While attending college graduation at Trinity University recently, I watched many bright, accomplished young people cross the stage to accept their diploma, including my daughter. She, like many of them, does not have post-college plans. While that is fine – it’s hard to have your life figured out the second you graduate – what worries me is how many of her friends plan to move back home indefinitely.
In 2012, a Pew Research Center analysis of U.S. Census Bureau data found that 36% of the millennial generation, 18-31 year olds, is still living at home with their parents, 18% of whom are college graduates. Sixty percent of all young adults receive financial support from their parents. According Wall St. CheatSheet these young people are hindered by a still weak labor market, high cost of living and significant college debt, making a move out on their own more difficult financially and less appealing.
While the job market and mounting student debt are important contributing factors to the number of college students who move home, I also believe the attitudes of many parents and care-givers, as well factors like children being able to stay on their parent’s health coverage plan until age 26, make it easy for our children to not grow up, to “boomerang” back home, especially compared to when we, their parents were growing up.
In 1983, the year I graduated from college, the New York Times cited that year and the previous to be the “bleakest years for college graduates in decades.” I moved back home for 6 months and worked part-time, while I searched for a professional job. Once I secured a position, although I only made $1000 per month, I found a small, inexpensive place of my own that I shared with a friend. That was what was expected. While my mother still enjoyed spending time with me,she also really enjoyed my emerging independence.
Today, even though first post-college jobs appear harder to obtain, according to Forbes Magazine 4 million jobs are currently unfilled in the U.S. Forbes writer Adam Lewis said, “When it comes to this mismatch between unemployment numbers and vacant jobs, blame is cast in all directions: Job seekers are unwilling to move cities or work in unfamiliar positions; Employers are holding out for the elusive ‘perfect candidate’; and schools just aren’t providing the right skills.” This millennial generation is characterized by their willingness to trade off a higher paycheck for meaningful work, in the location they desire with the flexibility to live the lifestyle they choose and since those jobs are hard to find, one may argue that it’s not that college grads cannot get a job, but that they are waiting for the “perfect” job to land in their lap. I saw this first-hand in my many years of coaching college students in finding their career paths. Trying to find that perfect, fulfilling job is difficult and some graduates are paralyzed with the job search. Moving back home can feel comforting, like stepping into a security net.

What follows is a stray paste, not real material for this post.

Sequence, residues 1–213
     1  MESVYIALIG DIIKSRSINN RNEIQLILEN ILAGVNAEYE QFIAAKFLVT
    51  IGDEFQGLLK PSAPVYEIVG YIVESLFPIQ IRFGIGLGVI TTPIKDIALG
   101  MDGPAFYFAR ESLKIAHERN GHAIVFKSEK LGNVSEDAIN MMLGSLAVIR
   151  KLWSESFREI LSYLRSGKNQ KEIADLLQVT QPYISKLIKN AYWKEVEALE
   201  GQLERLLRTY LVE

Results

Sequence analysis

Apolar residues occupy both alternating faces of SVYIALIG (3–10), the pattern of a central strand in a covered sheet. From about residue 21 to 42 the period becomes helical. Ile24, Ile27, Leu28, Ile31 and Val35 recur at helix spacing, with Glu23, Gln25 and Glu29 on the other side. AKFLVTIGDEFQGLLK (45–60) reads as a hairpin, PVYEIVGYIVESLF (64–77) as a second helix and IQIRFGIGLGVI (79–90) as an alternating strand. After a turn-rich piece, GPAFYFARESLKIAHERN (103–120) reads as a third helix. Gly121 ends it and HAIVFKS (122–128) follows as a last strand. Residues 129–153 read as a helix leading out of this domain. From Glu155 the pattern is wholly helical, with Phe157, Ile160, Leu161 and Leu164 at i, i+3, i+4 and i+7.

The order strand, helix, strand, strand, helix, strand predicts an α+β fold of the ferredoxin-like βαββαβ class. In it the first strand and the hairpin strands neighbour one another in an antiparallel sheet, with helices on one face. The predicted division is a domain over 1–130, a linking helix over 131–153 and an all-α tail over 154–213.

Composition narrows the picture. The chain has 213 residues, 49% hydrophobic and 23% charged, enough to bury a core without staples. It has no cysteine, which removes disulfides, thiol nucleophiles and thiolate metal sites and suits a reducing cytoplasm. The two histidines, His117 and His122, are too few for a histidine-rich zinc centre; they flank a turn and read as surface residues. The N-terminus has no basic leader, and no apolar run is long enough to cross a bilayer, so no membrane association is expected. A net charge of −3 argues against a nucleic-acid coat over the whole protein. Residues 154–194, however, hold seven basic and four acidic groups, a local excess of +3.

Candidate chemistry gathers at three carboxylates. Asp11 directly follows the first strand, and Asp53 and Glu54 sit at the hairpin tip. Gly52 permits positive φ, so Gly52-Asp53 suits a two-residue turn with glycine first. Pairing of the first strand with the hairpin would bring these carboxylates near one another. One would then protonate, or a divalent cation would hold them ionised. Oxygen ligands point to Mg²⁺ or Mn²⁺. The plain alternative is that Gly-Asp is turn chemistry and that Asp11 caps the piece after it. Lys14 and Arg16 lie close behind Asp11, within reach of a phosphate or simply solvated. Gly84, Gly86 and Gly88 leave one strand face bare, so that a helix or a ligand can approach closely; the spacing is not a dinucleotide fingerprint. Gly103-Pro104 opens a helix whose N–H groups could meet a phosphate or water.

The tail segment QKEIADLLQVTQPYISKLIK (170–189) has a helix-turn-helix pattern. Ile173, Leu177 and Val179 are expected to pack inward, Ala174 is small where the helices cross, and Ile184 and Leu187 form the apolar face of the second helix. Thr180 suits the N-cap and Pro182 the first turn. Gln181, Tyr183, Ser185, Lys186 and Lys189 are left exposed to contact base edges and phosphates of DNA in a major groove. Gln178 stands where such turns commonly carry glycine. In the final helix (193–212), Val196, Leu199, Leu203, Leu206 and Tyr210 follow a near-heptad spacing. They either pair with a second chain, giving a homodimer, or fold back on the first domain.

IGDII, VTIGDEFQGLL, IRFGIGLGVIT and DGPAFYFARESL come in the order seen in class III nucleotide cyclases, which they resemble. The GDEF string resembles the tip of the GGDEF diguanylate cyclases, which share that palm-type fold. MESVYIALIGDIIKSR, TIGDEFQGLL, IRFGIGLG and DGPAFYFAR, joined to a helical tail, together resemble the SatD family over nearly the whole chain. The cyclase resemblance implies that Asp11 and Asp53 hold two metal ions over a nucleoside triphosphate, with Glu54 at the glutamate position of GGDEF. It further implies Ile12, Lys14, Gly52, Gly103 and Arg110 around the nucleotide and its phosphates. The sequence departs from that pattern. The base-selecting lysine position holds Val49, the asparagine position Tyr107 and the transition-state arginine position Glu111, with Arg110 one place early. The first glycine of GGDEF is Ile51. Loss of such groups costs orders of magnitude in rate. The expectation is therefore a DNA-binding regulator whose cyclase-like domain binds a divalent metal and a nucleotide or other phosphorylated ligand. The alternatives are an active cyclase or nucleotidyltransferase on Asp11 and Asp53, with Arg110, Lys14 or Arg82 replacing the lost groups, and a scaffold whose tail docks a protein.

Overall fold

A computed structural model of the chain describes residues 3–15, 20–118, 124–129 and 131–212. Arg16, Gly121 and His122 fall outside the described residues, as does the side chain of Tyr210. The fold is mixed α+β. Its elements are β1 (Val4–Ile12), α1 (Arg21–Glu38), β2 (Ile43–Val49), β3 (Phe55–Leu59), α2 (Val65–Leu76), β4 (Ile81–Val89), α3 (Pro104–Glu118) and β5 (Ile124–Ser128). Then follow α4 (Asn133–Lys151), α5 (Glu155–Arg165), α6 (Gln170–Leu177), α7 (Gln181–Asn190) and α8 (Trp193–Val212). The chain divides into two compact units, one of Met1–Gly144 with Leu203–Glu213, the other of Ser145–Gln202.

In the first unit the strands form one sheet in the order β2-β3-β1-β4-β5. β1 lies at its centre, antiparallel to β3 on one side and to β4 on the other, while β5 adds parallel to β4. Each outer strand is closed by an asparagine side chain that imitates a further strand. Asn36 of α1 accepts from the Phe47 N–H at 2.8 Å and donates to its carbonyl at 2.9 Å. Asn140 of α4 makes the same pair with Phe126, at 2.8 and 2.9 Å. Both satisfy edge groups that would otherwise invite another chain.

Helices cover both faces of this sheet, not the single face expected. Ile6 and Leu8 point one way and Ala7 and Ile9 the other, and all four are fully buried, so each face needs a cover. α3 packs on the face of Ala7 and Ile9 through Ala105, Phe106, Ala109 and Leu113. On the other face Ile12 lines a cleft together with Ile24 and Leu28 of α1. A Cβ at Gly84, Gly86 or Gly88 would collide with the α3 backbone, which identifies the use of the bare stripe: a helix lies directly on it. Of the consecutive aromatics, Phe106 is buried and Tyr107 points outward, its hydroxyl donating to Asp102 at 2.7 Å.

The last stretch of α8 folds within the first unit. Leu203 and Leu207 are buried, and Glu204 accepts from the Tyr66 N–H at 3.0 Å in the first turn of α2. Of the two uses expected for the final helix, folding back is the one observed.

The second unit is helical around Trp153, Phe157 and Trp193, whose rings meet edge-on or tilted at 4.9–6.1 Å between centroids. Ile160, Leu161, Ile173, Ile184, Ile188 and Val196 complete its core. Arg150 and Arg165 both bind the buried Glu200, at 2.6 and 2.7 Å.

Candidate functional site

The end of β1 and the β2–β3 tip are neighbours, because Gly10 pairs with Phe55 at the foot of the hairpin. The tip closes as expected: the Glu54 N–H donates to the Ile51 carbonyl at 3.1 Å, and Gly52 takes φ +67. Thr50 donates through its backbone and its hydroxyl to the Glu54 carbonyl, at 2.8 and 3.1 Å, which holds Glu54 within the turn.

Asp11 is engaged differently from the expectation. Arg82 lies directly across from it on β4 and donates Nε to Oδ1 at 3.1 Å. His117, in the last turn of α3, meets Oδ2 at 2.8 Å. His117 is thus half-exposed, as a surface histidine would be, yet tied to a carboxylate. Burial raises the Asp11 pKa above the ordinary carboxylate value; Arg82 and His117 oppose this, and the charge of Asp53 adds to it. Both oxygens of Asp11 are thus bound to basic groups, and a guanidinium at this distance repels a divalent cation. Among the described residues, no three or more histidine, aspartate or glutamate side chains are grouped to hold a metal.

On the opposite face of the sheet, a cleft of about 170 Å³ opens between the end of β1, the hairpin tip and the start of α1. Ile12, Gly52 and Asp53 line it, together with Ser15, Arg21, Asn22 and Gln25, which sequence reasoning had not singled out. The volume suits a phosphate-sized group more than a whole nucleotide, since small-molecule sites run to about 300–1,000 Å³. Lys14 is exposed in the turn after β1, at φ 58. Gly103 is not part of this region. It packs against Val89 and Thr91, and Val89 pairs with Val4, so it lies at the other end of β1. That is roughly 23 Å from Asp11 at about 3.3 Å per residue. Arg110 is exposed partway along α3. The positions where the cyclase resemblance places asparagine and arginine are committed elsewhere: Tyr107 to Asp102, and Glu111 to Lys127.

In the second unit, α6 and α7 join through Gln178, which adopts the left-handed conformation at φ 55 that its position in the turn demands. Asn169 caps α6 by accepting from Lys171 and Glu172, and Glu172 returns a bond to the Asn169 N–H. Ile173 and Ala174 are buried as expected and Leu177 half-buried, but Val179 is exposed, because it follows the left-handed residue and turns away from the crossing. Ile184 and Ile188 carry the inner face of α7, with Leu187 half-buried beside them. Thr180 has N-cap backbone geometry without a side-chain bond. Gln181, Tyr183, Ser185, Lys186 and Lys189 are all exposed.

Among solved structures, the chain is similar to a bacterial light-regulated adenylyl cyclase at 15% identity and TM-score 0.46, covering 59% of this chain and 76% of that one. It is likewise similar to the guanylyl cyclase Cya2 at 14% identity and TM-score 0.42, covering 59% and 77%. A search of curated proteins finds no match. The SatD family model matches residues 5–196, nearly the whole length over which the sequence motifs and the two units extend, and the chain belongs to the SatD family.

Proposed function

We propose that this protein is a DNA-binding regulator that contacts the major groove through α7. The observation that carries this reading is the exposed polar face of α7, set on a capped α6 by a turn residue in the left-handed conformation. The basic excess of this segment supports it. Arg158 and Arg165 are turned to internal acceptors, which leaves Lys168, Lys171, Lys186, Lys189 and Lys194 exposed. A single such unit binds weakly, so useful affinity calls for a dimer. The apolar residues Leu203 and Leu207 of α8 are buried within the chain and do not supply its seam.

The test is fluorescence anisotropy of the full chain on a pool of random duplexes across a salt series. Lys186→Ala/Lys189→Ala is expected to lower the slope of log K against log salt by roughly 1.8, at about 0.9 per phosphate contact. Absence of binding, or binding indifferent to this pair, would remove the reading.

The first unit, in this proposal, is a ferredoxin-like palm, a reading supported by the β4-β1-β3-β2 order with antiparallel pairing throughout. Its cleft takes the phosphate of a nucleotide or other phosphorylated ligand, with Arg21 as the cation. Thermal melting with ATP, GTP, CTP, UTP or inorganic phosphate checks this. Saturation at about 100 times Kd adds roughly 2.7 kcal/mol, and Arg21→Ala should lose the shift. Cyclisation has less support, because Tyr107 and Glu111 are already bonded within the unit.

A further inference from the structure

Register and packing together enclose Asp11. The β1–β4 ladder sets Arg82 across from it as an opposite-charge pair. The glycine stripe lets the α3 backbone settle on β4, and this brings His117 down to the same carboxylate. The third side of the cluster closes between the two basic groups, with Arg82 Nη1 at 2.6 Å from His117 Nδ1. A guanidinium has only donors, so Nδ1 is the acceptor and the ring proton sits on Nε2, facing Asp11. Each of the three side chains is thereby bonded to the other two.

So many young adults have moved back home that in her book New Passages: Mapping Your Life Across Time, Gail Sheehy adopts provisional adulthood as a stage development for 18-30 year olds. Who is allowing this period of extended adolescence and what is the impact?
In my opinion, while of course acknowledging there are other factors like the rising costs of student debt, I believe it is parents’ responsibility to launch their children after college, letting them both succeed and fail on their own. If college graduates are funded by their parents indefinitely, they are robbed of the important life and developmental experiences: gaining confidence in knowing they are in charge of their lives and can support themselves, learning how to be self-reliant and resourceful, understanding what is important to them, making compromises and sacrifices to get a start in a field that truly interests them. When we, as parents, make it too easy for our children, they delay stepping into full adulthood.
So what? Besides the personal impact to young people, living at home after college also considerably affects our economy. Existing home sales are affected. The millennials are not moving out and buying homes at the rate of previous generations. Besides paying a mortgage, they are also not purchasing furniture, decorating, and laying out their cash for all that it takes to maintain a home. There is a considerable impact to our economy when college grads end up sleeping in their childhood beds well into their late 20’s.
I enjoy my daughter (and sons) as much as anyone and there is nothing that makes me happier than having a house full of family. So it is tempting to encourage her to move back home to live, considering her first job out of college may not pay well. But, I believe my role as a parent is to gently nudge her along to her own uniquely carved out life. She needs to feel good about the choices she is making. She needs to find her values. She needs to know how it feels to earn a lifestyle.
Suzanne McFarlin has raised four children and is a Board CertifiedCoach, as well as Executive Director of Greater Tucson Leadership. She is a Public Voices Thought Leaders fellow, a program of the OpEd Project